After Dr. Rarick finished his presentation, the chairwoman of the event pointed to Dr. Rarick and said in UN-speak, “Now there’s a real ‘He for She!’” She also encouraged the audience to take a copy of the Resolution, and urged everyone to “make pornography an international conversation!” Afterwards, many people flocked to us for more information.
While a few like our silver-haired American friend are offended by our message, these two Side Events were evidence that many people from every country and background resonate with the truth, and feel drawn to it!
The CSW 60 Outcome Document
In addition to all of the events that United Families sponsored, our team was able to monitor the language and worked to influence the outcome draft for CSW. The negotiations for this year’s “Agreed Conclusions” plodded along with the anti-family forces, early in the negotiations, inserting the usual outrageous and ultimately untenable language promoting abortion (under the guise of “reproductive health”), comprehensive sexuality education, language on sexual orientation and gender identity/Expression (SOGIE) while refusing to allow positive “family” language to be included. The anti-family forces fear of having the entire document rejected – as occurred last year at the Commission on Population and Development – did curtail some of their zeal.
In the end, the results were a mixed bag. We were able to keep out references to: “Comprehensive Sexuality Education” and ‘Sexual Orientation Gender Identity/Expression.” Unfortunately, we were not able to keep out the phrases “comprehensive sexual and reproductive health-care services” and a reference to the need for “emergency contraception” – a term that includes drugs that can cause abortion. But on the other side of the ledger, we were able to insert – and keep – a paragraph that “recognizes the family as a contributor to development…” and additional phrases that emphasized the “well-being of the family.” That is a victory!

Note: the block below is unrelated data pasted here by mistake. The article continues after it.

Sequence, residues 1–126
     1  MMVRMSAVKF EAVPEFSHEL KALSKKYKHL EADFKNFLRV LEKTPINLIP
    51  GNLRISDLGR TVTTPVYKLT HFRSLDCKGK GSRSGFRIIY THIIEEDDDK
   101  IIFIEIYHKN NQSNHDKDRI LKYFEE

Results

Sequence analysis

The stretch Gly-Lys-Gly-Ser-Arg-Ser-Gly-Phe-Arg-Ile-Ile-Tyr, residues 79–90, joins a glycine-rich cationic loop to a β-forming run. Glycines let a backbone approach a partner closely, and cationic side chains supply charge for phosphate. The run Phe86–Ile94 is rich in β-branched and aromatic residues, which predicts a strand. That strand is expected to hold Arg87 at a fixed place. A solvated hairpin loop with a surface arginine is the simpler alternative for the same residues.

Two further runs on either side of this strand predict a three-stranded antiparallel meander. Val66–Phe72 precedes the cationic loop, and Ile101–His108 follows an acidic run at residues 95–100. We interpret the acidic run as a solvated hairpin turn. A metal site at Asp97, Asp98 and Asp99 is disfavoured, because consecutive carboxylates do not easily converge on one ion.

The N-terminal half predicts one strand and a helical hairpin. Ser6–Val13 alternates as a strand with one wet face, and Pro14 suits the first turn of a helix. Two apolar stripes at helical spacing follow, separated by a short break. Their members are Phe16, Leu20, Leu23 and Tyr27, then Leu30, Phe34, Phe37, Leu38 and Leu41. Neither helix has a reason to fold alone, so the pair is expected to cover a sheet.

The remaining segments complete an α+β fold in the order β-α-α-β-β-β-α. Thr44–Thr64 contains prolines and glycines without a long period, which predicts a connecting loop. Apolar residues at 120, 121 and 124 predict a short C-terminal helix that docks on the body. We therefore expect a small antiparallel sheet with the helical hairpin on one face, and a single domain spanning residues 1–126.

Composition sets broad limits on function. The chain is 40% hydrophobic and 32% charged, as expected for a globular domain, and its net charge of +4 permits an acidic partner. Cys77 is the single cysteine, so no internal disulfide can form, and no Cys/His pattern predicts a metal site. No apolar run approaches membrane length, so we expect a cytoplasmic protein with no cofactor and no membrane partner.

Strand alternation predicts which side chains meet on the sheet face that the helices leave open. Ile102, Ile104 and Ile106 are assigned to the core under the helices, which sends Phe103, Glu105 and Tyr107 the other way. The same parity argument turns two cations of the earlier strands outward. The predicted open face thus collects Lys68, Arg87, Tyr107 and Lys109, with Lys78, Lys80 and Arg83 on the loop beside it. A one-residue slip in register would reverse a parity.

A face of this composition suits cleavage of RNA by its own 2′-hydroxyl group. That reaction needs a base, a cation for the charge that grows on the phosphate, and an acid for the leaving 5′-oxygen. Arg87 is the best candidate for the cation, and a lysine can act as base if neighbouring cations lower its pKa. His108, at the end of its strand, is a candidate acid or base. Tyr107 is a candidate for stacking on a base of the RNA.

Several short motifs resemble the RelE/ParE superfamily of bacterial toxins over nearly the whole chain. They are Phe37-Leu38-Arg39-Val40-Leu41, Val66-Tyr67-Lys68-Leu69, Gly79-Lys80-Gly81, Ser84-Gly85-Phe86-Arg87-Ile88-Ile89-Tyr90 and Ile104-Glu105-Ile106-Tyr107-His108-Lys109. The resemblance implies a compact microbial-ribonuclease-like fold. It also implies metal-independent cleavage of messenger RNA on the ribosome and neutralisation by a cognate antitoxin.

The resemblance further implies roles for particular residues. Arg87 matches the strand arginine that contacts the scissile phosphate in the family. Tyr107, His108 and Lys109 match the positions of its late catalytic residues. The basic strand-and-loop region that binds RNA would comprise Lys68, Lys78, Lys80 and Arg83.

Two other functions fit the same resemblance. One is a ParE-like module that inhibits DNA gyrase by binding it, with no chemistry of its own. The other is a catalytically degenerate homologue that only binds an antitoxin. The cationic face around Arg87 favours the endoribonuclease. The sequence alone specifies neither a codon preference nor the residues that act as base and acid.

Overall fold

Have Courage and Be Kind
During the second week of CSW, we continued our UN Mission Visits, completing a record 29 visits in all! We go to the UN to give international leaders the support they need to stay strong. But there are similar difficult situations back home in our own communities. As one of our UFI friends in California recently emailed, “the same problem that you have on an international level is played out daily at the local level trenches!”
That’s why it is important for all of us to stay connected and stay informed. You never know when you will need to speak up for family values. When it is your turn, just “have courage and be kind.”
And please know that you are not alone.
© This material is copyrighted by United Families International